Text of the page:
The base closings has been proclaimed, but it's going to take us three or four more years to actually effect the closing of the bases and starting to gain some of the efficiencies of that. Let me just give you one example.

In this year's budget, we have $4 billion cost associated with closing bases. In the FY [fiscal year] 99 budget, we have a $6 billion savings associated with that. So there's a $10 billion swing there, but we haven't reached that point yet, we haven't gotten the benefit.

So far, every year I've been secretary, the base closings have been nothing but a cost; it's been a burden to carry it out. But towards the end of this decade, my successor will get some of the benefits from that cost in the very substantial savings.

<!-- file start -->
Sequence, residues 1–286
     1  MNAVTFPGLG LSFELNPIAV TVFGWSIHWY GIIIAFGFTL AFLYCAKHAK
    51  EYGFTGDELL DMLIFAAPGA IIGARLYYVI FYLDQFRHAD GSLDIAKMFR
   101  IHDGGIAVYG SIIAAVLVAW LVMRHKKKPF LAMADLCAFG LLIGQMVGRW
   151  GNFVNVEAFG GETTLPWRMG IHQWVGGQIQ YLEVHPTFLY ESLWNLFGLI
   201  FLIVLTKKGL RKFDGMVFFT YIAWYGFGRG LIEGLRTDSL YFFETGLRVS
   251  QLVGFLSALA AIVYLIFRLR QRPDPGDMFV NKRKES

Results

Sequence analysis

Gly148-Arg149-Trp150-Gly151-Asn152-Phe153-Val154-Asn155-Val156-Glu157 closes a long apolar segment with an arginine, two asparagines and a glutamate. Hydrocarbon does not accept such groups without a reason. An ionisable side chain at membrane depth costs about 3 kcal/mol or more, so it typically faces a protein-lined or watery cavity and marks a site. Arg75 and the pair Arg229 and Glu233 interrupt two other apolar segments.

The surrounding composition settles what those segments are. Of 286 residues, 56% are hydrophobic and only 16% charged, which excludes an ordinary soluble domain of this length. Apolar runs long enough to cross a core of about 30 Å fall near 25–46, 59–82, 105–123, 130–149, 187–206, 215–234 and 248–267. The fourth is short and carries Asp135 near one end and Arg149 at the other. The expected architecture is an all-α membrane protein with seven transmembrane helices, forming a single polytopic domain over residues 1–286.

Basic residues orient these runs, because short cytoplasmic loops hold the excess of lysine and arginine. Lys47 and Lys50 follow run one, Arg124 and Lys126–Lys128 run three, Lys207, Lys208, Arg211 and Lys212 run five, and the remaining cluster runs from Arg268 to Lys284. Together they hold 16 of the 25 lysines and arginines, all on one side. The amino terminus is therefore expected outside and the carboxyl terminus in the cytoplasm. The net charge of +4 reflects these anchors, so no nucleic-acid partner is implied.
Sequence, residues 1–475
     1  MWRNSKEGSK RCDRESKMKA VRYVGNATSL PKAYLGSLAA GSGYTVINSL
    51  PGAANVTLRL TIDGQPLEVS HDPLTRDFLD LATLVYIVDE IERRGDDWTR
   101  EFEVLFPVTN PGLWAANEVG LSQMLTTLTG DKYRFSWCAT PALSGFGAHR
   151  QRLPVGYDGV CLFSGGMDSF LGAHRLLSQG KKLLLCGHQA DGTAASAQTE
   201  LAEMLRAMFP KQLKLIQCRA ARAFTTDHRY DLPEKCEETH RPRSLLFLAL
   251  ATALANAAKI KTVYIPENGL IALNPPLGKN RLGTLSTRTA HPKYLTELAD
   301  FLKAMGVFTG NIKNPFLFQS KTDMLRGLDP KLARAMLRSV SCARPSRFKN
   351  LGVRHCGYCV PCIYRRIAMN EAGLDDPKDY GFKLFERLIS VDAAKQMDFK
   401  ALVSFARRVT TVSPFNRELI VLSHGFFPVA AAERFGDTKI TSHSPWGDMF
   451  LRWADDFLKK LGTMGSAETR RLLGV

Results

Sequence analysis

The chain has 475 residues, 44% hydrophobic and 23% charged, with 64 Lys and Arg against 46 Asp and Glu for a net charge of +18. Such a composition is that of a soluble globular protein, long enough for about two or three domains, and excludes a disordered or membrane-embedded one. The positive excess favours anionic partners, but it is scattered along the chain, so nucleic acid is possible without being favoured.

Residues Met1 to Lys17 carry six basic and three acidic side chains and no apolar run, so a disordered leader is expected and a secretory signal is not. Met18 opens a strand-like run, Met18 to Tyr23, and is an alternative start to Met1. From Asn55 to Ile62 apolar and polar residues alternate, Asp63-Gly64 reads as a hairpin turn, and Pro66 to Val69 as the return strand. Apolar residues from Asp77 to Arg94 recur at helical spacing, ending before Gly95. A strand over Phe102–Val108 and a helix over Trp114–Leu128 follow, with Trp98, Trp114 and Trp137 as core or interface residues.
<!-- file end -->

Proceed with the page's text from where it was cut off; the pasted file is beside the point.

We are also making substantial efforts to improve or reform the acquisition system. I mentioned already changing the milspecs. It's also changing over to commercial buying practices. We will be making major efforts in those in this year, last year, next year, but the benefits from them are probably towards the end of the decade.

Q. We've heard about the very high regard that the military has achieved in the minds of the public. What can we as businessmen do to make sure that we reinforce the proper budget allocations so they maintain their military readiness?

A. The first and most important aspect is having an adequate top line for the budget. I think both the Democratic and Republican proposals for budgets over the next five years have an adequate top line to maintain a good defense.